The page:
QAnon???  

Hey man, steam freaks may be a a little crazy, but we ain't THAT crazy!  

We're not dangerous, we're fun!  Laugh 

 

I was referencing the PRR Q-class.

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Posted by SD70Dude on Monday, April 12, 2021 3:36 PM

Flintlock76

Hey man, steam freaks may be a a little crazy, but we ain't THAT crazy!  

We're not dangerous, we're fun!  Laugh 

I've always believed that as long as you know you are crazy, you aren't completely insane.

Greetings from Alberta

-an Articulate Malcontent

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Posted by Overmod on Monday, April 12, 2021 3:32 PM

Flintlock76
Hey man, steam freaks may be a a little crazy, but we ain't THAT crazy! 

You have evidently read neither 'The Difference Engine' or 'Steam Bird'!Laugh 

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Posted by Flintlock76 on Monday, April 12, 2021 3:28 PM

Backshop

 

 
Flintlock76

You think it's easy being a fanatic?

Give us a little credit, will ya!  It takes dedication!

 

 

 

With the semi conspiracy theories espoused here, if we combined it with the PRR late steam thread in Classic Trains, would that give new meaning to the term "QAnon"? Big Smile

 

 

QAnon???  

Hey man, steam freaks may be a a little crazy, but we ain't THAT crazy!  

We're not dangerous, we're fun!  Laugh 

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Posted by BaltACD on Monday, April 12, 2021 11:06 AM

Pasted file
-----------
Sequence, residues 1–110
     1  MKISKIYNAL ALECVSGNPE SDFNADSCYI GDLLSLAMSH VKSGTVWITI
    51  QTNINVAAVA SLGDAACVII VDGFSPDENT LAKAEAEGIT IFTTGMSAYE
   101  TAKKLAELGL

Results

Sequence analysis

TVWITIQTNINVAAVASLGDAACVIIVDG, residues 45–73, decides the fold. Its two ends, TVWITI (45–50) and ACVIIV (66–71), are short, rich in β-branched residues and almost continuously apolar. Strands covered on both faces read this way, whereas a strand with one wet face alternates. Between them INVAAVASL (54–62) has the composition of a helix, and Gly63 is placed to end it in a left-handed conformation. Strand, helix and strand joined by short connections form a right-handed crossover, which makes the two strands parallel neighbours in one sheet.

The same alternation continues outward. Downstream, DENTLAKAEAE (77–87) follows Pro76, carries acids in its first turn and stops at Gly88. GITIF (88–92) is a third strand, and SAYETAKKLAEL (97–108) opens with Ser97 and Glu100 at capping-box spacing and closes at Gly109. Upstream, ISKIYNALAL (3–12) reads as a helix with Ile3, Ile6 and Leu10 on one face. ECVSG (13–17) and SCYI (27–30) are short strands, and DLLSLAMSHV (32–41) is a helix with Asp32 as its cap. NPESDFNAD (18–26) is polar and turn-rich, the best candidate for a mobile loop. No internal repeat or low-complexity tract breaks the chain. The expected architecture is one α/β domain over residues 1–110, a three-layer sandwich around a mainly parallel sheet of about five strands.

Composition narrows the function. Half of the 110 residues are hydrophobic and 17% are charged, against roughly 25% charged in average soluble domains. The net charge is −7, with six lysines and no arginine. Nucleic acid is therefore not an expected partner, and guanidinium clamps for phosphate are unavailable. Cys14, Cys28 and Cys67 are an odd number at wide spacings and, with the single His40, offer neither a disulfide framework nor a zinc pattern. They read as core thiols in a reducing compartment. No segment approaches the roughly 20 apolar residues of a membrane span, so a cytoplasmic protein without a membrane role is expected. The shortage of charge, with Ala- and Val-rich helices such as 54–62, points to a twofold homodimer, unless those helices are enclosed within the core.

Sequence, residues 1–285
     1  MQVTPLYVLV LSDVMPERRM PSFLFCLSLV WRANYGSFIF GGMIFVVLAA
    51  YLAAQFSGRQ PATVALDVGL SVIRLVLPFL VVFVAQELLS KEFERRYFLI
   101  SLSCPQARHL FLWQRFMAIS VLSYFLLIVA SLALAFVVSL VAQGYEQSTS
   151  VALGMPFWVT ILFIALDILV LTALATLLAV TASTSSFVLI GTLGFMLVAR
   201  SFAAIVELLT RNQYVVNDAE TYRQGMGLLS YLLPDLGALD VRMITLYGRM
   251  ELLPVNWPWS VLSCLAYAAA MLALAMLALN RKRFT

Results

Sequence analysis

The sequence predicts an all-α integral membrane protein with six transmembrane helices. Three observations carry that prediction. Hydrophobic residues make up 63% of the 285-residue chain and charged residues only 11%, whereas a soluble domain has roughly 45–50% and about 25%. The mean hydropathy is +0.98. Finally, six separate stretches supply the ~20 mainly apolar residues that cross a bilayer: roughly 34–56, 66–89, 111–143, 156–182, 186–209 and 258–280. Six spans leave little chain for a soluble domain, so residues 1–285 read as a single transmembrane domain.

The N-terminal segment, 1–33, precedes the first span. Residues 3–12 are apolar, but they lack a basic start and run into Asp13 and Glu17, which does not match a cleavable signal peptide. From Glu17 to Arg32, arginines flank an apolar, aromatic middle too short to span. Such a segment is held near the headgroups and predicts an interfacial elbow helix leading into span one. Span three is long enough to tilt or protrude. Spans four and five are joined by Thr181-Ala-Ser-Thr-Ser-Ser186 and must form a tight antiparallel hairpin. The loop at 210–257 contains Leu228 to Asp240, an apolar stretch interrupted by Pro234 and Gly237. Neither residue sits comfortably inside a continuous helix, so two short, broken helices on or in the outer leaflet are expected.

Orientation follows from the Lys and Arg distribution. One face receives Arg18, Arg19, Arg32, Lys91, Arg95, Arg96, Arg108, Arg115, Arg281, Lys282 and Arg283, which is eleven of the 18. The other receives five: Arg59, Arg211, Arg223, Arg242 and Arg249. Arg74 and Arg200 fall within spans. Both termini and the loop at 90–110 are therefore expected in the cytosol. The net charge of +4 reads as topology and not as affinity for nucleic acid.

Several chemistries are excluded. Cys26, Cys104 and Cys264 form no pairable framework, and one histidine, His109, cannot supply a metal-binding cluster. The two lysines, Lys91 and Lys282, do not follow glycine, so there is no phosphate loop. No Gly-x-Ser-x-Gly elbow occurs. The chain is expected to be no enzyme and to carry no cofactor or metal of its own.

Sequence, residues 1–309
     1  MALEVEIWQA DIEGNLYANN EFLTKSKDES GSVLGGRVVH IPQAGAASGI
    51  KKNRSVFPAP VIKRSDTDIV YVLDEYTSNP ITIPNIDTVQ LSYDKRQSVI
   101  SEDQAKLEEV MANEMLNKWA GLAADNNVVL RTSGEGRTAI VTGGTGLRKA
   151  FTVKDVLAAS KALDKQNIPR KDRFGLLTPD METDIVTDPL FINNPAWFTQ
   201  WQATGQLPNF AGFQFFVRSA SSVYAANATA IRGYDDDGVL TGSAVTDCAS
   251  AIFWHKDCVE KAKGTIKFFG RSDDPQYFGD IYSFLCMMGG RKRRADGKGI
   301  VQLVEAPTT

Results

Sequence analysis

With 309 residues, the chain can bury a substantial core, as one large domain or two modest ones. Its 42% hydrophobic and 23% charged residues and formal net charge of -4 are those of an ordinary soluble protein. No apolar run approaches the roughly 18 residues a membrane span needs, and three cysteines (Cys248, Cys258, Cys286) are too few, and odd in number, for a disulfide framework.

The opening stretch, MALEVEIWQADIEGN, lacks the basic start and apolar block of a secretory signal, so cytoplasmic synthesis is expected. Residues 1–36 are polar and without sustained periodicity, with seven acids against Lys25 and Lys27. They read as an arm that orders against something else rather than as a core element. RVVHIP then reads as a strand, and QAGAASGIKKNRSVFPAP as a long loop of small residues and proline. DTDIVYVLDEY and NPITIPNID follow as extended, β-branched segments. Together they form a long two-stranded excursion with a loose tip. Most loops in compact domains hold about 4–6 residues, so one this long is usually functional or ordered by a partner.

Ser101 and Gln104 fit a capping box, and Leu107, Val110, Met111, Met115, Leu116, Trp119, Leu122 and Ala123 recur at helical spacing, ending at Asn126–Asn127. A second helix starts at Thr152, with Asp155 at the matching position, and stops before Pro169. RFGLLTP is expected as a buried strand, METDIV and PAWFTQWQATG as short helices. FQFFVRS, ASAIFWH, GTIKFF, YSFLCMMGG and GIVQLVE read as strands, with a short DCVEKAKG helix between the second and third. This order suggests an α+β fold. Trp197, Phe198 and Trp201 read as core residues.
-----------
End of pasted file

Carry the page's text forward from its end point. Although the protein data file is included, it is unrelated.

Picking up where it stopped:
Backshop
So, which is it?  Should railroads have kept steam or should they have moved to electric?  Comparing European railroads to American ones is futile. Other than the fact that they are both railroads, they are completely different.  Europe concentrates on passenger service, while we do freight.  You have relatively short distances and high volume.  We can have high volume, but also have very long distances. Most of your railroads are government owned or subsidized, so project costs aren't as crucial as they are when private industry is trying to do big projects.  Private industry has to make a decent profit while governments just have to provide a public service, which is funded indirectly by taxes.

Not to mention that most European railroads were severly damaged during WW II and needed boat loads of funds just to get back to bare bones operations after the war.

US railroads were effectively 'worn out' in their efforts to support the war effort as well as having had their profits curtailed by the politics of supporting the war.  To 'rebuild' the US railroads had to get the necessary investment from private sources.